The typical and expected challenge with a situation transitioning firstly to a ‘safe’ then to a ‘how safe is safe enough’ position is the potential for criticism and loss of trust. In the case of COVID-19, you can have the best return-to-work plan in place, making it as safe as you can. However, those who will make the plan work, the public, will have a different perception of the risks.
Data and information gathering, information and understanding employee attitudes and circumstances is extremely important in helping both build trust and make decisions that involve risk and risk perception. The other significant factor impacting this are regulatory obligations, often based on public risk perception: this also elevates the public’s attention to, and understanding of, the risks.
The analysis of all data, information and attitudes should be deliberately simple and broad, because speed, simplicity and repeatability will be more useful and influential than complexity. This is especially important as we live in an internet-driven world where the speed and spread of information can potentially derail the most well thought-out and robust plans, because non-experts and speculators have filled in an anxious public seeking information.
Risk perception heuristics are another element that can have a significant bearing on how much an individual may trust any plans put in place. 1997, Nach: Renn/Zwick highlights this qualitative characteristic and how it amplifies perception of risk. Of particular relevance to the COVID-19 return-to-work plan is the qualitative risk of dread. This amplified perception of risk to the individual is irreversible for dreadful disease or death.
Another important reference in risk perception is the classic Slovic Fischhoff graph which illustrates the gap between public perception of risk (straight line) overlaid with the identified risks (curved).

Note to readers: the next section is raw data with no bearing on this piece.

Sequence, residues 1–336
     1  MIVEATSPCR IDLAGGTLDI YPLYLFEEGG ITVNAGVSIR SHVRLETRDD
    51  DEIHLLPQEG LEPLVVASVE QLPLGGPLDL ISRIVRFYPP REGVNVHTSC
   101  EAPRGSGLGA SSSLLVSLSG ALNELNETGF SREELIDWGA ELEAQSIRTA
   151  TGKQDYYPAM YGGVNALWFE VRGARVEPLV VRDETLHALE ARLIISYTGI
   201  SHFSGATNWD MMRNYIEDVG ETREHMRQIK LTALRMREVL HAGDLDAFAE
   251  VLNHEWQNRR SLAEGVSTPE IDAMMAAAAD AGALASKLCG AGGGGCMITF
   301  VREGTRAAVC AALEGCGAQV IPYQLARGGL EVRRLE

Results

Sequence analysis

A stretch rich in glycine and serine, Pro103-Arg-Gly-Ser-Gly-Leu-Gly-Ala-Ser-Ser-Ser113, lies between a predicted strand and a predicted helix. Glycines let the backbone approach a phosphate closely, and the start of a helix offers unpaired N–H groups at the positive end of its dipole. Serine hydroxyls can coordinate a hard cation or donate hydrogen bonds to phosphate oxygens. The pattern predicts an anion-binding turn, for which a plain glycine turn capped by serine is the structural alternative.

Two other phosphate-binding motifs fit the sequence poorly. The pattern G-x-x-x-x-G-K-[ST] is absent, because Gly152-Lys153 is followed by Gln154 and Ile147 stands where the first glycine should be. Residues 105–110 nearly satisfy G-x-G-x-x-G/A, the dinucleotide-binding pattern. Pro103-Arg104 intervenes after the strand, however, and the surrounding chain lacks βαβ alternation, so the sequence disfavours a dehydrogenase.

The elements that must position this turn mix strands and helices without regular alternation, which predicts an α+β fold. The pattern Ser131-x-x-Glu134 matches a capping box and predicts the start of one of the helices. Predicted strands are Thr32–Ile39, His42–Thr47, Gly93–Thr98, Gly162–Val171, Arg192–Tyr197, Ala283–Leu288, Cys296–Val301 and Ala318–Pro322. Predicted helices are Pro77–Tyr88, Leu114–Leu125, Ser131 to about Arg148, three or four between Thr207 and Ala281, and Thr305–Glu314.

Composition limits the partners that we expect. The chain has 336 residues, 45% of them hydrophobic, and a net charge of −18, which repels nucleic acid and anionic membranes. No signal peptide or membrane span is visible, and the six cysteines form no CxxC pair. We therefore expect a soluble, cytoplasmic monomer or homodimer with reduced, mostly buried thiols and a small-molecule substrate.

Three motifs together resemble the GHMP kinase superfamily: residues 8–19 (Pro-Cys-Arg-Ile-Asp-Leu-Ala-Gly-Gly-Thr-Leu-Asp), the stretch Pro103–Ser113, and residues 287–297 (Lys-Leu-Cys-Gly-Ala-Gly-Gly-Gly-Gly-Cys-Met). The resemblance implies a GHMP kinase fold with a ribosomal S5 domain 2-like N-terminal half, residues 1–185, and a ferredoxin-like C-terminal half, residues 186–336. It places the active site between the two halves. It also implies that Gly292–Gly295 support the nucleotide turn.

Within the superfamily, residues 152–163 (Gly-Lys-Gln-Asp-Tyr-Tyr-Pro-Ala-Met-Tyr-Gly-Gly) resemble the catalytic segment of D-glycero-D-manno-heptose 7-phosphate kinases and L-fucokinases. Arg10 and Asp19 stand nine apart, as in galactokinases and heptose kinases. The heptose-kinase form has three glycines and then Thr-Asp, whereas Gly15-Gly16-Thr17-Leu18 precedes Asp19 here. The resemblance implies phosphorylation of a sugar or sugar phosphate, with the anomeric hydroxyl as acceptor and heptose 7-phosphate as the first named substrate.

[Slovic Fischhoff Lichtenstein 1979]
Plans, people and communications
Once a plan is in place and the perception risks are understood, the last element to address is people. Communicating with your main stakeholders is the key to allaying the fears of a nervous public and managing their perception of risk. If you don’t manage the message and communications, you don’t have a stake in shaping the risk perception, reassuring an anxious workforce and building up trust.
Currently we are witnessing a negative public risk perception with the NHS for non-COVID-19 related health issues. A&E departments are quiet, and we have health officials appealing to the public to still come to hospital to be treated for other ailments, such as heart attacks and accidents.
Evidence resistance is also another factor to be mindful of. This is the tipping point, when the public become resistant to evidence and facts that support the plan. Clear, factual messaging around the workplace measures taken is best supported by evidence and facts: your communications department must be involved in its development and curation, with all evidence and relevant facts shared. Once again, data and information gathering will assist with this.
Comprehensive and compliant plans adopting the most robust risk management approach, reviewing existing comparable sectors and case studies are the best approach to making the workplace safe post COVID-19. The next stage is implementation: engaging with your workforce and getting your communications right is key, otherwise people simply won’t want to return to work.
About Dr David Slavin
Dr David Slavin is a specialist occupational physician and business consultant. A former Royal Navy doctor specialising in Nuclear Health Physics, David was Deputy Chairman of the UK military nuclear regulator. After a US Navy Exchange, David joined Pfizer’s Clinical Technology Department, originally to explore risk perception and to develop new risk analysis tools, later becoming Executive Director and Head of the Business Innovation Unit, Pfizer Global Research and Development.
David has spent time as a visiting professor at Imperial College London, one of the few medical doctors to be a professor in an engineering faculty. He is a former member of a Royal Society steering committee and advisor to the UK Government on science and technology on nano particles and risk. He has presented to the US National Academies of Science, NASA Jet Propulsion Laboratory and a Defense Congressional Committee. He has also presented at the Cheltenham Science Festival.
David is Managing Director of Ocean Occupational Health Ltd., which provides occupational medicine advice and niche science, business and human factors solutions. David is also joint author of The Tolerability of Risk.
References and further reading:
“Risiko- und Technikakzeptanz (Konzept Nachhaltigkeit) “ (German Edition) 1997, Ortwin Renn, Michael M. Zwick
Further Reading in English: “ Perception and Evaluation of Risks: Findings of the “Baden-Württemberg Risk Survey” 2001
“Perceived Risk: Psychological Factors and Social Implications”. Paul Slovic, Baruch Fischhoff and Sarah Lichtenstein, 1979: